A Sensible Approach to Christian Truth


Singing the Psalms: A Brief History of Psalmody

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A glossary of relevant terms appears at the end of this study.

Psalmody is the use of the biblical psalms in worship, as distinguished from hymnody, the creation and use of extrabiblical poetic and musical compositions in worship. The distinction goes back to the Bible itself, in Paul's admonition to edify one another through the use of "psalms and hymns and spiritual songs" (Ephesians 5:19; Colossians 3:16), although we should not assume these were mutually exclusive categories. The study of psalmody is a subdiscipline of hymnology, an extensive field which has occupied the attention of learned musicologists. Here we can present only some brief remarks.1

Early Christian Psalmody

In biblical worship, the psalms were chanted or declaimed. We do not know exactly how this music sounded, though recent research has confirmed the similarity between Hebraic music and ancient forms of Christian chant. (See the article on Music and Worship in the Bible on this web site.) The psalms formed part of the developing liturgy of the Eastern and Western churches, along with Greek and Latin hymnody. In the Western church, the psalms found more regular usage within the "offices" or daily periodic worship of the monastic communities. The Catholic heritage of chant, often called Gregorian chant because of the influence of Pope Gregory the Great (540-604), includes the use of the psalms sung to standard "tones" or melodies according to conventional rules. This music was performed by choirs of clergy or members of monastic orders, who had developed the necessary skills. Originally the psalms were sung monophonically, i.e. with one unharmonized melody, or "plain chant." In the later Middle Ages additional voices were introduced, with such devices as counterpoint (a different simultaneous melody) or organum (a sustained tone over which others sang the melody). The departure from the simpler form of chanting was opposed by those who believed that more elaborate musical detail called attention to the performance and thus degraded the worship of God.

This early psalmody was exclusively vocal. It is paradoxical that the psalms, which so often mention the use of musical instruments in the praise of God, were sung for centuries in the church without any instrumental accompaniment. Today both the Eastern Orthodox churches and some Reformed and other Protestant groups exclude musical instruments from use in worship.

Psalmody in the Reformation

With the Protestant Reformation of the sixteenth century came the thrust to involve all worshipers, not just the clergy, in the music of worship. But there were differences among the Reformation movements over the type of music that should be used in worship. The German-speaking Lutherans and pietists developed a tradition of hymnody, producing chorales with freely composed devotional texts. They also made greater use of instruments, especially the organ. The French-speaking Calvinists of Geneva held a stricter view of what was acceptable in worship and limited their music to the biblical psalms, New Testament hymns and a few other portions of Scripture. Excluding instruments was a corollary of the Reformed stress on the responsibility of the congregation, as a whole, for the expression of worship instead of trained professionals.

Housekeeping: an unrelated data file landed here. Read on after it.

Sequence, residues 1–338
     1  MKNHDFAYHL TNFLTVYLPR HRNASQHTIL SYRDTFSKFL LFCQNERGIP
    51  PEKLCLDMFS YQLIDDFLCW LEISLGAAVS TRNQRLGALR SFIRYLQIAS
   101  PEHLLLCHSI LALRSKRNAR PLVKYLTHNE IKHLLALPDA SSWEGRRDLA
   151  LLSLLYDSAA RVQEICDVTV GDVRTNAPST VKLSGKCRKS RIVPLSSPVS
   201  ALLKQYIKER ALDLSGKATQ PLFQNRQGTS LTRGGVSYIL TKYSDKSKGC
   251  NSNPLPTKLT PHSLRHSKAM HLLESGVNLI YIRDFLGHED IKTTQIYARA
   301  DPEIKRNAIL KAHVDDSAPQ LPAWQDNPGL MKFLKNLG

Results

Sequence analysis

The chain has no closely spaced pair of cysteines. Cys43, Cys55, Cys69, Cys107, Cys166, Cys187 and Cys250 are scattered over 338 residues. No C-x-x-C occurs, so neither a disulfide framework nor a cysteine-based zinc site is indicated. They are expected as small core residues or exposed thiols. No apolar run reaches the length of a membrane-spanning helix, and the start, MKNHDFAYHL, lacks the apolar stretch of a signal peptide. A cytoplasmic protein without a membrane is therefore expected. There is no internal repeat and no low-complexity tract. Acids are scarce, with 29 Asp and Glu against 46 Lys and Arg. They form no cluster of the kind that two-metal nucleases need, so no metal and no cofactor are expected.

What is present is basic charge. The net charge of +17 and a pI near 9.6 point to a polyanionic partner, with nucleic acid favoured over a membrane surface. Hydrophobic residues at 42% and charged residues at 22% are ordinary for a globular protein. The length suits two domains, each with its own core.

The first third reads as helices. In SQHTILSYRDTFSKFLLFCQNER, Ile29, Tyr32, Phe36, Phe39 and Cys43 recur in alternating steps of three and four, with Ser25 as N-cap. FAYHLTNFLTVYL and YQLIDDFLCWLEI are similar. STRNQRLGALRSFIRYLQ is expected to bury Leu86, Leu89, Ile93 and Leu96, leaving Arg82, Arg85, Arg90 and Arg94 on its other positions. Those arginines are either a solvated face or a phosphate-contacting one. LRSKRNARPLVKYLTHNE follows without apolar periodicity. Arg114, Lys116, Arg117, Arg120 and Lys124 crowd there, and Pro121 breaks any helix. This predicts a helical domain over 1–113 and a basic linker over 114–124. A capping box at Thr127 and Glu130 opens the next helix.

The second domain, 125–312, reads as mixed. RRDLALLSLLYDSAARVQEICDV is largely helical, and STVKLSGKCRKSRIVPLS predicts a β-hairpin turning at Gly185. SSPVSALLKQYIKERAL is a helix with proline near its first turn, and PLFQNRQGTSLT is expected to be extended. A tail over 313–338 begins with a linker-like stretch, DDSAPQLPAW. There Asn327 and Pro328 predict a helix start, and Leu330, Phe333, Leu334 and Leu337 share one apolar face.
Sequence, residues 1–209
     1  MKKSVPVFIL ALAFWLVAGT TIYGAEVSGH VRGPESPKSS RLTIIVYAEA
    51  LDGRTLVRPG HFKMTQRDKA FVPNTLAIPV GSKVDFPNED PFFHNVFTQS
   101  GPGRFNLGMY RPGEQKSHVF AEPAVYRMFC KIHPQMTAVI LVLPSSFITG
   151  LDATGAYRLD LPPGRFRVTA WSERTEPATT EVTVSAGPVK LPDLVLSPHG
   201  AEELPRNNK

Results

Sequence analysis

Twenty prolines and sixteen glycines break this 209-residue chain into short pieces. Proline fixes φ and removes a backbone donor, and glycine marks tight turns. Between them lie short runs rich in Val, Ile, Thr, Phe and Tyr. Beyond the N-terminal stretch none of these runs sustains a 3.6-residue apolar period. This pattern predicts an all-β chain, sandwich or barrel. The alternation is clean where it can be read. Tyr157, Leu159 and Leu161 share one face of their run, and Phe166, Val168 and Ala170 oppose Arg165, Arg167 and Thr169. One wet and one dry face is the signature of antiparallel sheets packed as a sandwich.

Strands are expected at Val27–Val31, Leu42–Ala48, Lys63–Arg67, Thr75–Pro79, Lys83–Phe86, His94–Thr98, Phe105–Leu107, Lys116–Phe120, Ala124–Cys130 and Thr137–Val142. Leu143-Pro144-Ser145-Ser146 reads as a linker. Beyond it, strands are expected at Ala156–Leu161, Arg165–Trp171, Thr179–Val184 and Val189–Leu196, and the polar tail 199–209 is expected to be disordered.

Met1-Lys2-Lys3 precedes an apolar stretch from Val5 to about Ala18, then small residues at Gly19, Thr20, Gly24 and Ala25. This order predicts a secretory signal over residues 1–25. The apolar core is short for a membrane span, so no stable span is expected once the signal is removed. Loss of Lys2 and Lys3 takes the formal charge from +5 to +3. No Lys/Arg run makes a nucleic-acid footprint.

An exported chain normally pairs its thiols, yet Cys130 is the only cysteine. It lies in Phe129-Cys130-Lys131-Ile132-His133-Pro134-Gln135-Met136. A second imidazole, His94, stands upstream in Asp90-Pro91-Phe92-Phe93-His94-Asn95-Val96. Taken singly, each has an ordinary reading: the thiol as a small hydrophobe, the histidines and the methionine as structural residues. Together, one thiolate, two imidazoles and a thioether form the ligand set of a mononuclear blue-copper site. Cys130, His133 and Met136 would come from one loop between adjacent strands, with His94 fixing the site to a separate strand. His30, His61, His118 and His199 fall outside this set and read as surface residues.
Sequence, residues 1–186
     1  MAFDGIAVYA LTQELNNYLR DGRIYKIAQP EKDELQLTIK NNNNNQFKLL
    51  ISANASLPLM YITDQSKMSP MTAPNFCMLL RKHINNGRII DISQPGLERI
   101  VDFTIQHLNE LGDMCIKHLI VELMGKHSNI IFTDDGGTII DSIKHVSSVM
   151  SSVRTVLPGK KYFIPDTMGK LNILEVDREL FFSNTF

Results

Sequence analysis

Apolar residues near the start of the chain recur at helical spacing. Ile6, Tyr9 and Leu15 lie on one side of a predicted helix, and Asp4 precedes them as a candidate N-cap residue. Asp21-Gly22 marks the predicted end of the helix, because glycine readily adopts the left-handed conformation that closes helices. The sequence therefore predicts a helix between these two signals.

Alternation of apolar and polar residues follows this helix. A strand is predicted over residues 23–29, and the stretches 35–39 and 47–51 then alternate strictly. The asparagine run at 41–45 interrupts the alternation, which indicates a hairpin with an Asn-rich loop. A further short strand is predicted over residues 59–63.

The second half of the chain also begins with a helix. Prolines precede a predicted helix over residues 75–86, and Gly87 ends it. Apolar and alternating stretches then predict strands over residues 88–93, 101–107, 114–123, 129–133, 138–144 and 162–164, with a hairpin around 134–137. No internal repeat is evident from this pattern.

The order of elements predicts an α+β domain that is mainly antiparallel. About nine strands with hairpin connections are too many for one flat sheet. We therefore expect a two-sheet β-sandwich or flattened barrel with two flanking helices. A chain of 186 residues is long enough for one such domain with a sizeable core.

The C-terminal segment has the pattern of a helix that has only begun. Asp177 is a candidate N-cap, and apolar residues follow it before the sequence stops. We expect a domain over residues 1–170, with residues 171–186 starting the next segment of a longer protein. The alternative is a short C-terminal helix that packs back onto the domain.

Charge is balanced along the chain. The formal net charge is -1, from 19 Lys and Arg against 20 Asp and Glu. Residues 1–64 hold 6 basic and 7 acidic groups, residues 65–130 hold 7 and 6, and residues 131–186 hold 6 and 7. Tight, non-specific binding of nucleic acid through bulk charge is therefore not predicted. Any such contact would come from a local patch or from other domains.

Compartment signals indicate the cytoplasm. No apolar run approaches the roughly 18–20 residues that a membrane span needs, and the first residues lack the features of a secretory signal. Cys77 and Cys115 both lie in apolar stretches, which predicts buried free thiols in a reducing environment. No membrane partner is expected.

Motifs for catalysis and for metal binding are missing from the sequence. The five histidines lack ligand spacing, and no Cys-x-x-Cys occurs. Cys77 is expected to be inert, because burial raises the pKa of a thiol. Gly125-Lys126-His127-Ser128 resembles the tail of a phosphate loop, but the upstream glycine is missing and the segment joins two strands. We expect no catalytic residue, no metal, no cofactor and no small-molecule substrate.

But musical conventions had changed with the Renaissance, and people were now familiar with secular music marked off by measures instead of unmeasured chanting. To enable the congregation to join in the psalms, it was necessary to recast them into a singable metrical structure and to introduce rhyme. However, the Calvinist emphasis on the authority of the Word of God rendered this practice problematic, for it required altering the biblical text, destroying the Hebrew parallelism. The stated goal became to produce singable psalmody while changing the words of the Bible as little as possible, though in actual practice the best results were often obtained through more than a slight alteration. The Genevan Psalter (first edition 1542) set a high standard for the metrical psalters that were to follow in the Reformed churches of Holland, England and Scotland. Many of the tunes used in later editions were composed by Louis Bourgeois, some of which (including Old Hundred, the familiar "Doxology") are still in use.

English Psalmody

Psalmody as a form of congregational singing came to its greatest development in the English language. The Church of England came under heavy Reformed influence, leading eventually to what we know as the Puritan movement with its emphasis on church government and worship according to New Testament patterns. In the early stages of the English Reformation, the Catholic heritage of Latin hymnody — which had largely fallen out of use in any case — was laid aside, and in its place metrical psalmody was introduced. In 1562 John Day printed the Book of Psalms with psalm texts translated by Thomas Sternhold, John Hopkins and a number of others. This psalter used tunes from the Genevan Psalter and from English sources, including popular ballads. Day's psalter remained in use for more than 250 years and went through more than 600 editions. It was also known as Sternhold and Hopkins after its main translators, and was later called the Old Version after Nahum Tate and Nicholas Brady brought out their New Version of the Psalms in 1696. The Old Version established the standard patterns which came to dominate English psalmody: Common Meter (, Short Meter ( and Long Meter ( Musicologist Henry Wilder Foote remarked, "Next to the English Bible and the Book of Common Prayer the metrical psalms were the most influential literary contribution made by the Reformation to the religious life of the English people."2 A Scottish Psalter first appeared in 1564, with several subsequent editions.